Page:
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Wild Animals/Cottontail keeps making empty nests


QUESTION: An eastern cottontail has taken up residence in my backyard, frequently spending the entire day on the patio seeking shelter from the sun, or sitting on a window sill in the winter.  She, I assume, builds nests every month or two (including twice in a large pot under a window) which are always empty.  I do not believe that the nests are being attacked by predators has the carefully camouflaged remains undisturbed.  Also, lest you thing I am obsessive, the check the motion activated video surveillance system recordings that cover my backyard.  I am curious as to why a rabbit would build a nest and not use it for babies, as in watching her, she puts quite a bit of effort into building them.

ANSWER: Dear Jeff,

We find that the worst predators of cottontail nests in our area are rats.  They can devastate a nest in a couple of hours (or in a few minutes, if it's more than one rat) and leave absolutely no evidence that the nest was disturbed.  They find the nests by smell, not sight.  So camouflage will not help.

Sometimes it can help deter rats if you place peppermint-oil soaked cottonballs around the nest.  They don't like strong mint smell, and it helps masks the smell of the babies. But a determined rat will eventually get past that defense.

Rats are a terrible scourge to native cottontail populations.


---------- FOLLOW-UP ----------

QUESTION: Thank you for your answer. I don't think rats or any other predator are the issue, as the nests are not being disturbed, as confirmed by my video survillence system which is triggered my much smaller critters. Instead, I'm sure she is building unused nests.

Hi, Jeff

Oops.  I just answered this as a followup.

False pregnancies are a possibility, though not sure why she would have those unless she is not able to connect with males.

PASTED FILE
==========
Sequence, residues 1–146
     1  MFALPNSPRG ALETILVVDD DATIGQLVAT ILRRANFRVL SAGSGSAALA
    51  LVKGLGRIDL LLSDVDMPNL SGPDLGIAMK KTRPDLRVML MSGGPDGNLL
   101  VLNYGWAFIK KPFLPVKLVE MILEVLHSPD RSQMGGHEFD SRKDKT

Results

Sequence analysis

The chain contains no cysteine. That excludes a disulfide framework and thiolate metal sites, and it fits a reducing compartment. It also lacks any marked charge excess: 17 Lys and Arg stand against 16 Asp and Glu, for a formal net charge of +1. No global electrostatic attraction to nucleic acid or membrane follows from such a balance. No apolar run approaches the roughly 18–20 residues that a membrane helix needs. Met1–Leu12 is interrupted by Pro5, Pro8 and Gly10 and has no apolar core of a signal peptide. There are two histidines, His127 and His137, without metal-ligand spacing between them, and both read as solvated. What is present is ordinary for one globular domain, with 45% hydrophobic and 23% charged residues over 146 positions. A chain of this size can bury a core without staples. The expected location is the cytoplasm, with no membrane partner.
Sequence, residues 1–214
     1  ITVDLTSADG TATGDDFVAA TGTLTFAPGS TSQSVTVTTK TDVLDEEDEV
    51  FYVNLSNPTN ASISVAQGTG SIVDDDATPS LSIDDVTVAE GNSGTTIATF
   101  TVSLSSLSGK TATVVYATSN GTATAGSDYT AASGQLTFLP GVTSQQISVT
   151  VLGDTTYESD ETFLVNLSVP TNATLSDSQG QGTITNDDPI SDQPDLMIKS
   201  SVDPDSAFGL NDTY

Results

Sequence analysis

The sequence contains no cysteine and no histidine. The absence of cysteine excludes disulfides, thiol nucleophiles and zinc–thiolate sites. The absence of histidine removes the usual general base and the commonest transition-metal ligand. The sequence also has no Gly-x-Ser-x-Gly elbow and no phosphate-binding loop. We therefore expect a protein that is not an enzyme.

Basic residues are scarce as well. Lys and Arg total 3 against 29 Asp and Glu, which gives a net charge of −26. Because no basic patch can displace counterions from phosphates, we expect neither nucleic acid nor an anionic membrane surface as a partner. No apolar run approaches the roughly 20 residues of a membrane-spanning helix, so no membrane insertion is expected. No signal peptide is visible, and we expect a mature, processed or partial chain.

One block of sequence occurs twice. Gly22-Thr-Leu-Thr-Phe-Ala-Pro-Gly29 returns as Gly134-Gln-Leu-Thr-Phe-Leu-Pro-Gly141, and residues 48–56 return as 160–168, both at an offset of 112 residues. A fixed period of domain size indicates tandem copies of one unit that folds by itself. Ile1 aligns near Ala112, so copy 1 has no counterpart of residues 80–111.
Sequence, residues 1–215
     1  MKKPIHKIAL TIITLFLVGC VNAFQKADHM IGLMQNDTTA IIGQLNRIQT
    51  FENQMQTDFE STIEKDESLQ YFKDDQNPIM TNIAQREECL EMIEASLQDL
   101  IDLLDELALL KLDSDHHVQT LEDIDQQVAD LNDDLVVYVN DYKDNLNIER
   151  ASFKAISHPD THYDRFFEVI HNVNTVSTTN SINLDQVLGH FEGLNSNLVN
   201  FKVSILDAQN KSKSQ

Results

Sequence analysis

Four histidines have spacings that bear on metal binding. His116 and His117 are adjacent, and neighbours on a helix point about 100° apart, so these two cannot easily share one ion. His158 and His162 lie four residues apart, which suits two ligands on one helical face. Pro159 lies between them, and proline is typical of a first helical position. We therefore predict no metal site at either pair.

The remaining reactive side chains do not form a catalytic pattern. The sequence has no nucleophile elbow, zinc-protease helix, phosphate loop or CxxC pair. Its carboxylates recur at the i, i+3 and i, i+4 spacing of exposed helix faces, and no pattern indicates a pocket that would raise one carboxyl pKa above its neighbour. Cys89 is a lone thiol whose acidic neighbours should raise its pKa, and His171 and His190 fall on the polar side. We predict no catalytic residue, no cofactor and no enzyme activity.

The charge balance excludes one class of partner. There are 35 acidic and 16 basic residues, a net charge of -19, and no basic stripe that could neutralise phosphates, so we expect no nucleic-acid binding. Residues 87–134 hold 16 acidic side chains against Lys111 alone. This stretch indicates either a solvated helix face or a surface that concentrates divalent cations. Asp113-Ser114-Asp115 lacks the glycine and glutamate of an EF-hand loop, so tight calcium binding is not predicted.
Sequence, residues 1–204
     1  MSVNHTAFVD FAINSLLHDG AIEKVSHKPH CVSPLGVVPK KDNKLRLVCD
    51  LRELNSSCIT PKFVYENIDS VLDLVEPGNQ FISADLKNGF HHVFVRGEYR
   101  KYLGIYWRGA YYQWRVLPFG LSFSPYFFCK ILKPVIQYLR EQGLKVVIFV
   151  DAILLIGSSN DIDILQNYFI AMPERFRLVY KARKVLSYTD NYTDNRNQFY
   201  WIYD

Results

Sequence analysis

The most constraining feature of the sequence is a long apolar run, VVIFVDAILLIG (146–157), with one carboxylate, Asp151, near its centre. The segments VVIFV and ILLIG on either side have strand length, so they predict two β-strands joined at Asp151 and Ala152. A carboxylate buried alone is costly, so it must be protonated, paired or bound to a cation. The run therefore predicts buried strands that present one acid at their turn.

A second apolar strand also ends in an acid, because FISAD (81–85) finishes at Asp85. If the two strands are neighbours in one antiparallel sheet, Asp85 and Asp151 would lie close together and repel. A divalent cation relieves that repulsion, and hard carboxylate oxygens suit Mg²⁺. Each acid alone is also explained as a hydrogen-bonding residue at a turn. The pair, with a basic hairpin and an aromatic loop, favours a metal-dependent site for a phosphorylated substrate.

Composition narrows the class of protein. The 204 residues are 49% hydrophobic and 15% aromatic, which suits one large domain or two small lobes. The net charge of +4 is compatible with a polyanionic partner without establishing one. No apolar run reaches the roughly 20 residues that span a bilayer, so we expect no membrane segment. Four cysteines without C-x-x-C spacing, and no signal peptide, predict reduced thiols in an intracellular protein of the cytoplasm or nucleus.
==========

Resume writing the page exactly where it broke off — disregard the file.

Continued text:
Or she might be infertile.  Or she could be eating her young (unlikely) for some reason, driven by stress or stillbirths.

There are many possibilities.  Catching her in action of giving birth and then immediately inspecting the nest might be the only way to get the real answer.


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Dana Krempels, Ph.D.


I'm an evolutionary biologist with a passion for animals. Ask about natural history, behavior, ecology, evolution. PLEASE NOTE:

If you have found an "orphaned" or injured wild animal or bird:
Please don't waste time asking questions on the internet, as the answers may come too late. DO NOT FEED THE ANIMAL, and DO NOT HANDLE IT unless it is in imminent danger. (Many wild "orphans" are not orphans at all!) If you are absolutely sure it is orphaned, keep it warm and quiet, and find a LICENSED WILDLIFE REHABILITATOR HERE. Don't try to raise a baby yourself, or rehabilitate an injured anmal. Many a well-intentioned rescuer will do more harm than good, especially with baby birds and baby rabbits.

Without geographic location, time of day and habitat, I can't help. A clear picture is always best.

It's impossible for me to I.D. an animal call without hearing it myself.

I'm not an expert on comparative strengths of different animals (more complicated than you might think!) nor bite forces.

I refuse to answer "Which of these two animals--X or X--would win in a fight?".

These hypothetical matchups range from impossible (Grizzly Bears and Gorillas don't even occupy the same continent.) to ridiculous (Someone asked me "Who would win a fight between a Great White Shark and a tiger?").

The vast majority of animals--even the fierce and powerful--are not as warlike as Homo sapiens, and it's childish to project our aggressiveness onto them.


I have been the fortunate caregiver to a group of Black-tailed Jackrabbits rescued from the Miami International Airport, and not releasable in this area because they are not native. I also have rehabbed and released Eastern Cottontails, and am in contact with many very experienced wildlife rescuers who regularly handle injured or orphaned rabbits and hares.

House Rabbit Society

Exotic DVM journal

I have a Ph.D. in Biology, with main areas of expertise in evolutionary biology, genetics, botany, and ecology.

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